In Verdun, English and French speakers lived side by side. Through their home-front activities as much as through enlistment, they proved themselves partners in the prosecution of Canada’s war. Shared experiences and class similarities shaped responses based first and foremost in a sense of local identity.
Fighting from Home paints a comprehensive, at times intimate, portrait of Verdun and Verdunites at war. Durflinger offers an innovative interpretive approach to wartime Canadian and Quebec social and cultural dynamics. It will appeal to anyone interested in the history of the Canadian home front during the Second World War.
Durflinger [has] crafted a community portrait of wide breadth that leaves few relevant aspects of wartime life unexplored ... This work has much to recommend it. The author is well versed in the general literature and readers will appreciate the way he situates local history within the larger national picture ... Durflinger's research is thorough, blending the relevant secondary reading with research in local archives and oral history interviews. It would make a valuable addition to undergraduate history courses ... Besides its relevance for both social and military historians, the book should also appeal to a more popular audience, for the main questions it poses continue to resonate in contemporary society.
Fighting From Home is a welcome addition to the Canadian literature on the Second World War. Serge Durflinger introduces readers to mid-twentieth-century Verdun, a linguistically-mixed, working-class city bordering Montreal. His lively study of civic pride and wartime patriotism breaks new ground in attempting to understand war at the local level.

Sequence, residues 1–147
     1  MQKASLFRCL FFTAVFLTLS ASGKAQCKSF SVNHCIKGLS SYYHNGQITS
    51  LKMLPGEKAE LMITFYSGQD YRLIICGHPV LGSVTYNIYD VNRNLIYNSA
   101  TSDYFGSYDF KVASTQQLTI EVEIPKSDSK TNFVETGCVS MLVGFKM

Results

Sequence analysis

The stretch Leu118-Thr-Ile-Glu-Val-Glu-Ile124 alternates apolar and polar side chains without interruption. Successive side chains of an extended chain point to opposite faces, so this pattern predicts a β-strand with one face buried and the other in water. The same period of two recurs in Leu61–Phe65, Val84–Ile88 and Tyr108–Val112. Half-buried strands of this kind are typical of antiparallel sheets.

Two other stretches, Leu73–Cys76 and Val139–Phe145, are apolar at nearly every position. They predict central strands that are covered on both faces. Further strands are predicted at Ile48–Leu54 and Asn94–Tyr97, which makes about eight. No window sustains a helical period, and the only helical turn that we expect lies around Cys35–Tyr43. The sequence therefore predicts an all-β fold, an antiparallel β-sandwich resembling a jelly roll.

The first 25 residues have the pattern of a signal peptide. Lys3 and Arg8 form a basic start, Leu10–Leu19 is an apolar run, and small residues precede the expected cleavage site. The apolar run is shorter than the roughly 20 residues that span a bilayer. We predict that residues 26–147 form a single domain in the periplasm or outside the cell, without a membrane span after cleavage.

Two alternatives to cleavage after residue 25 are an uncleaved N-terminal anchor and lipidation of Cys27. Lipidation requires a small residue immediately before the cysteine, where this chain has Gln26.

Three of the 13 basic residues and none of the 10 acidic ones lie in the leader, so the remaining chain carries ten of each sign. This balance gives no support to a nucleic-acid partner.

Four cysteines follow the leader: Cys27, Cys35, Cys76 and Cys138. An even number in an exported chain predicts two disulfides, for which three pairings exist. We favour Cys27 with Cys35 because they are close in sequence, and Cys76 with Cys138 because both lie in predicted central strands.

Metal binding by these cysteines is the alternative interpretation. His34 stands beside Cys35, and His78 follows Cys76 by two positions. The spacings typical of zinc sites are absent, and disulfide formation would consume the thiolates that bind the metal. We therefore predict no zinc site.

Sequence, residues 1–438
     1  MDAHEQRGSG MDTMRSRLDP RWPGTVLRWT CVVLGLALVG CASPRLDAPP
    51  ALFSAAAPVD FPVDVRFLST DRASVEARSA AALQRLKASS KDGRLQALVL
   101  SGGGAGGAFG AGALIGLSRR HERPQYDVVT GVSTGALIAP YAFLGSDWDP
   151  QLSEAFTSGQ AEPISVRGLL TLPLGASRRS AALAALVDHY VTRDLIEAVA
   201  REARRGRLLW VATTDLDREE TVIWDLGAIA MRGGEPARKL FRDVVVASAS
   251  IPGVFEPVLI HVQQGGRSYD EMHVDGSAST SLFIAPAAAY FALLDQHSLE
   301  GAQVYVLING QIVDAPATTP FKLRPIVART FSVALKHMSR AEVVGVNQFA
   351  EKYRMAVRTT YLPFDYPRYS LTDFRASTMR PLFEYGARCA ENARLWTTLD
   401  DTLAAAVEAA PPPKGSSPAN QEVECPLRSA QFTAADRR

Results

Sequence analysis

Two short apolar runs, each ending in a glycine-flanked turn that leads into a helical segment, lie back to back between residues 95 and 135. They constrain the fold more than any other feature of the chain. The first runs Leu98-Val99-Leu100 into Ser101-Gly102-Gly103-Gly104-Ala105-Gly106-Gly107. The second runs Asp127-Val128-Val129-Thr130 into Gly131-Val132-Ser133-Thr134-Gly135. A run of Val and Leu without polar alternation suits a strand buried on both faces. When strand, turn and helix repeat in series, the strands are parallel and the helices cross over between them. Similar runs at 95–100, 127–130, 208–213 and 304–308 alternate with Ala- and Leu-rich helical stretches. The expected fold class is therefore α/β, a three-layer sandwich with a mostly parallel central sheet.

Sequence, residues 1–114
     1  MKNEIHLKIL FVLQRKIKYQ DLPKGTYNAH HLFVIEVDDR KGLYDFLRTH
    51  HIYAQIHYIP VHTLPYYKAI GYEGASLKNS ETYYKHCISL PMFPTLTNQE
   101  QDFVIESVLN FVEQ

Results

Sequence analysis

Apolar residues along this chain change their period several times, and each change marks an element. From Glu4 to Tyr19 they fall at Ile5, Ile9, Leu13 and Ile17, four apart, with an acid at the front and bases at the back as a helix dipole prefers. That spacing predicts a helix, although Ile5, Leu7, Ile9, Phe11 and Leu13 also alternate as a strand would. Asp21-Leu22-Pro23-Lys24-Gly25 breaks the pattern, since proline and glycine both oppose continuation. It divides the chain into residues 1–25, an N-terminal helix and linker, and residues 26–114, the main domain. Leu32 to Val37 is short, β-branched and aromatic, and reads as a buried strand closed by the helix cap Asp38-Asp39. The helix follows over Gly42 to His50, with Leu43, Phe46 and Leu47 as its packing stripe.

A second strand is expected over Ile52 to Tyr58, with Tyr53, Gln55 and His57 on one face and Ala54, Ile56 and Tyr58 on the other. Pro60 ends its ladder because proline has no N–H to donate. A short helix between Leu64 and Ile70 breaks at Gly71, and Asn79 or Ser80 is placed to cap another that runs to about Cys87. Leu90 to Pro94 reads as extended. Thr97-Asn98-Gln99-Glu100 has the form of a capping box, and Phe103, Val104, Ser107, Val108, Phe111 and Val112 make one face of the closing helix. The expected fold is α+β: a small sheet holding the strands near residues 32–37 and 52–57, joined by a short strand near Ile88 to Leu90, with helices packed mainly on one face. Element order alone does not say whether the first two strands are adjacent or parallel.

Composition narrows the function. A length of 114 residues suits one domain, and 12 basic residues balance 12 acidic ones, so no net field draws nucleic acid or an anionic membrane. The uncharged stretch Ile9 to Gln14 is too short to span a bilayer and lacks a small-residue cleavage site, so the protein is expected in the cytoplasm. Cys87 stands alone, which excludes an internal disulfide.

Fighting from Home is an essential contribution to Canadian military and social history. Serge Durflinger’s innovative work transforms this story of ordinary people in wartime into a nuanced analysis that will strike a chord with a broad audience.
Never look too closely,” the professionals told me; it only complicates the story. Serge Durflinger got up close with the Montreal suburb of Verdun. The results are fascinating. You may find that Quebec and the Second World War never look the same again.
Aided by photos and a map, Durflinger evokes the sense of local community so vital 70 years ago but only a memory in our age of mega-cities and websites ... Durflinger has otherwise excelled in capturing the spirit of those times, so distant now, in one little corner of Canada.
Introduction: Studying War at the Local Level
1 Forging a Community
2 Once More into the Breach
3 City Hall Goes to War
4 The People’s Response
5 Institutions and Industry
6 Family and Social Dislocation
7 The Political War
8 Peace and Reconstruction
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